- Torbay and South Devon FT launches procurement to set up a strategic estates partnership
- Twenty five year contract worth around £100m
- Partnership is central to trust’s future clinical model
An integrated foundation trust is looking to partner with a private company for up to 25 years in a bid to unlock capital funding for its future estates plans.
Torbay and South Devon Foundation Trust has launched a procurement to set up a strategic estates partnership, with a contract value estimated at £100m.
The trust, which provides acute, community and adult social care services, wants the partnership to come up with “imaginative solutions” to securing funding and agreeing affordable rental models to help it move services out of hospital and into the community.
Lesley Darke, director of estates and commercial development, told HSJ the trust’s current estates portfolio was built for a healthcare model that has worked in the last 50 years, but would not be suitable for the next 50 years.
Amid a tightening of the NHS’s capital budget in recent years, a growing number of trusts are turning to strategic estates partnerships, including Yeovil FT, University Hospital Southampton FT and two trusts in London.
Torbay and South Devon FT wants the strategic estates partnership, which will be set up as a joint venture, to focus on three areas:
- creating health and wellbeing centres that will be co-located with GP practices;
- developing community hubs that contain inpatient beds; and
- improving space at the trust’s acute hospital including in its emergency department, theatres and wards.
Earlier this year, the trust closed two community hospitals, inpatient services at two more and 32 acute beds – and instead invested in more staff and intermediate care teams as part of its plans to move services out of hospitals.
Ms Darke said: “We’re looking for a relationship with a partner who will give us support in terms of planning, development, expertise, and can help with capital funding.
“The new model has changed the shape of the buildings we need for the future.
“We need investment and support to enable us to develop these centres in partnership with GPs, the voluntary sector and the local authority.”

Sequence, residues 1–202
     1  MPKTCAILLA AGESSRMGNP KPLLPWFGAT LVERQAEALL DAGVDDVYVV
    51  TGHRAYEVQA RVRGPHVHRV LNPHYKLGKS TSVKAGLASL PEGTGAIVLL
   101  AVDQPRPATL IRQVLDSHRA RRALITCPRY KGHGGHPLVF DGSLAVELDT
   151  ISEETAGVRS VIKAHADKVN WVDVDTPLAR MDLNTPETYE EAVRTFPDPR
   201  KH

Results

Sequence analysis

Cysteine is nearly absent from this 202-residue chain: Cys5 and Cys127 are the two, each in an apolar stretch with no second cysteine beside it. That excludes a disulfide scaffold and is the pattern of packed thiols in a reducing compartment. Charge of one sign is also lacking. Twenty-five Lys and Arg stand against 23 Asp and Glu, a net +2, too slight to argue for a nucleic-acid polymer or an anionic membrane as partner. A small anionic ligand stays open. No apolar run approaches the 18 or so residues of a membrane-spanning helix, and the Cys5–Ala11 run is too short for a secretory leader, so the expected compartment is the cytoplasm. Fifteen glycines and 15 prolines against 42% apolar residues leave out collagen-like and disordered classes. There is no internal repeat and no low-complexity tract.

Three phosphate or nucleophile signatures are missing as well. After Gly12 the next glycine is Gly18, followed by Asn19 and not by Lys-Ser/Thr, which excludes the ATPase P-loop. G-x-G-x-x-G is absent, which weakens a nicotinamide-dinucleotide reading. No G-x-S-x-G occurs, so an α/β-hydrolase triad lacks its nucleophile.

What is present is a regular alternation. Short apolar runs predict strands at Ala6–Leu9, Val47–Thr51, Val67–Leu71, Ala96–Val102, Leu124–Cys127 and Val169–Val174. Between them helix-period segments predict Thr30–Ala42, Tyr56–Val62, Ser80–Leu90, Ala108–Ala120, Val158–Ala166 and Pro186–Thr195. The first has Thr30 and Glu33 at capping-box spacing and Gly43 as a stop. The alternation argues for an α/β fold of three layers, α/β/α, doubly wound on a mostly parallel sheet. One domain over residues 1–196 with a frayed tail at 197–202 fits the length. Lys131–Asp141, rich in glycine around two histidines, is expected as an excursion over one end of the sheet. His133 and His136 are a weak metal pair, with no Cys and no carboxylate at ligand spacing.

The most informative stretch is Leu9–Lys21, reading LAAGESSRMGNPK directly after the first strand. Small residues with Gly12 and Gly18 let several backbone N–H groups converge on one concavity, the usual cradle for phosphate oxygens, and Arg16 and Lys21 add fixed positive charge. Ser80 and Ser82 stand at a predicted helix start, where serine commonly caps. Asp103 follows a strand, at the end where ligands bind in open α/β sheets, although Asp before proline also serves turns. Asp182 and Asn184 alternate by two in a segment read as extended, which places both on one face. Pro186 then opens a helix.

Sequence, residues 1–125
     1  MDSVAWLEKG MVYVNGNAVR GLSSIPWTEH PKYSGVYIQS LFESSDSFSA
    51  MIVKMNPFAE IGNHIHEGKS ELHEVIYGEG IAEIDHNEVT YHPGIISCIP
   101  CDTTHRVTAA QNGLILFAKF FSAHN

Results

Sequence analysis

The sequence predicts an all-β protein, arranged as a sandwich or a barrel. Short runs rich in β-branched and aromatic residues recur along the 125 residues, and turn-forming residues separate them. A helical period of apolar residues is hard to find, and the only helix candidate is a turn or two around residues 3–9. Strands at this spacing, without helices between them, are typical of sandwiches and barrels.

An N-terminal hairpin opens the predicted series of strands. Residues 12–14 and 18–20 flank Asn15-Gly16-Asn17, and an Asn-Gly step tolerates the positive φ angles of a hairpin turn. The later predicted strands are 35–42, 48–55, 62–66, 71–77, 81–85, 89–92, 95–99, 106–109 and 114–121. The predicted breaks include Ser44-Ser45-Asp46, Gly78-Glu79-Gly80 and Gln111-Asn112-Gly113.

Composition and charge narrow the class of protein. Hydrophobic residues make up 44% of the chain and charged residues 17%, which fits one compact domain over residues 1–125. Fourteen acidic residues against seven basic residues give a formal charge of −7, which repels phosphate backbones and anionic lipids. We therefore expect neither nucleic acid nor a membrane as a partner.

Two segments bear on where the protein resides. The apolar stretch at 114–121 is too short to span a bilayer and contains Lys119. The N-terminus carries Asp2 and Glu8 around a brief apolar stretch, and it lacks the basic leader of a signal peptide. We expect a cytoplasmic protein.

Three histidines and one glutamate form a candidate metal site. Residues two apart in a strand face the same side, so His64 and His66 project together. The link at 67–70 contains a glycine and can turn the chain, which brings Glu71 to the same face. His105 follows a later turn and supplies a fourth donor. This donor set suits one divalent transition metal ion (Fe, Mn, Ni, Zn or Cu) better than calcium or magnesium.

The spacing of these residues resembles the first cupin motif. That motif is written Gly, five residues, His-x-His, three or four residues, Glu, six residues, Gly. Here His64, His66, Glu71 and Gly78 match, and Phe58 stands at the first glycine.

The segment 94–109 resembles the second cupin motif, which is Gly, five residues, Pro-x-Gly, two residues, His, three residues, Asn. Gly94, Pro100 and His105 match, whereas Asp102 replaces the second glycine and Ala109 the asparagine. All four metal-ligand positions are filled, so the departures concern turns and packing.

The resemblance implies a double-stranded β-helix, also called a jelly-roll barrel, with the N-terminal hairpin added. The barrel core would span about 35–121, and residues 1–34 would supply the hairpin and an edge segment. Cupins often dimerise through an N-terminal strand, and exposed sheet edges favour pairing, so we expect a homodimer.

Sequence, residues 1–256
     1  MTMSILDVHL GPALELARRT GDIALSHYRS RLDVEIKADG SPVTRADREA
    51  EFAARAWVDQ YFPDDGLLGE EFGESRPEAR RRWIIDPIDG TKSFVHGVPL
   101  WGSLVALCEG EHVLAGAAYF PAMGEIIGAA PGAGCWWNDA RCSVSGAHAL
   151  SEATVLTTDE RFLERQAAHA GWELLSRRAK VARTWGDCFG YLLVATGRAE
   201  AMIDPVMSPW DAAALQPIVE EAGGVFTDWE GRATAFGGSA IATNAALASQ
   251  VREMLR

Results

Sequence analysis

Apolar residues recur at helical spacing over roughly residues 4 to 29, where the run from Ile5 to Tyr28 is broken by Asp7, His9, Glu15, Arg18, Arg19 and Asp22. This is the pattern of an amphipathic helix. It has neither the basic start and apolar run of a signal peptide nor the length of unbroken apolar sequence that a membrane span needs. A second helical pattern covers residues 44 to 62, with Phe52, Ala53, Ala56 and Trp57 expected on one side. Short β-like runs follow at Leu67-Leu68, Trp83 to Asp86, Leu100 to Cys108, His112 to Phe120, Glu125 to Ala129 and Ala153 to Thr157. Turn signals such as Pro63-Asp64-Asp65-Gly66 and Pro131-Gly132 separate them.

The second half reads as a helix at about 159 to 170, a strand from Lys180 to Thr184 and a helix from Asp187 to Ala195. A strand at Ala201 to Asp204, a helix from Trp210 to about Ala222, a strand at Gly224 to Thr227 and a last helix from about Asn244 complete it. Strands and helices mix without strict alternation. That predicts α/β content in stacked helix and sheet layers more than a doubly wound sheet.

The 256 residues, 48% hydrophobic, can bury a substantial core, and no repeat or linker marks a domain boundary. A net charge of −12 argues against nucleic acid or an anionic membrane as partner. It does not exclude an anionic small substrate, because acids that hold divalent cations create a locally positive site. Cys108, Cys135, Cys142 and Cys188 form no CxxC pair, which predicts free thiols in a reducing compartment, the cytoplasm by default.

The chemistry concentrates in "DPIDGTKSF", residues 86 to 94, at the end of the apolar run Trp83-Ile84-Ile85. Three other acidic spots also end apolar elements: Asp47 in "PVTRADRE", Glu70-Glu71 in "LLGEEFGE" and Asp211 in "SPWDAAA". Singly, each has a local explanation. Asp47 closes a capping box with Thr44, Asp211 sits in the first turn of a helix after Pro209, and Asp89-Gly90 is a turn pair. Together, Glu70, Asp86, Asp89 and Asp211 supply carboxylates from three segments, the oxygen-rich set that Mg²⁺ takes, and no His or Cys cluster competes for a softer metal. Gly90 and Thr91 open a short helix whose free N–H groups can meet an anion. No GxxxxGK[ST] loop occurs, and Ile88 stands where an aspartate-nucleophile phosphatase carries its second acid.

Among the objectives of the partnership will be the creation of “affordable rental models” for new GP facilities to enable a “shift from a GP practice ownership model to a secure rental model as required”.
Ms Darke said newly trained GPs do not want or cannot afford to become GP partners or move into old buildings that are not fit for purpose.
Capital funding will also be sought through the partnership to develop the trust’s ED and imaging service, while there are also plans for a new urgent care centre co-located with the ED.
“Our most critical risk on the risk register is infrastructure and lack of capital,” Ms Darke said.
“We can’t continue to be in an environment whereby there isn’t sufficient capital.”
The trust also wants the partnership to provide property management expertise to include acquisition, marketing and disposal, and rationalising leasehold.
According to the procurement documents, the £416m budget trust owns property worth £80m.
Only a handful of strategic estates partnership have been formally established in the NHS, with HSJ reporting in January that there were six partnerships across England.
Last week, it emerged two trusts in the North West had scrapped their procurement for a strategic estates partnership due to concerns over the preferred bidder’s link to Grenfell Tower.
Procurement documents; information provided to HSJ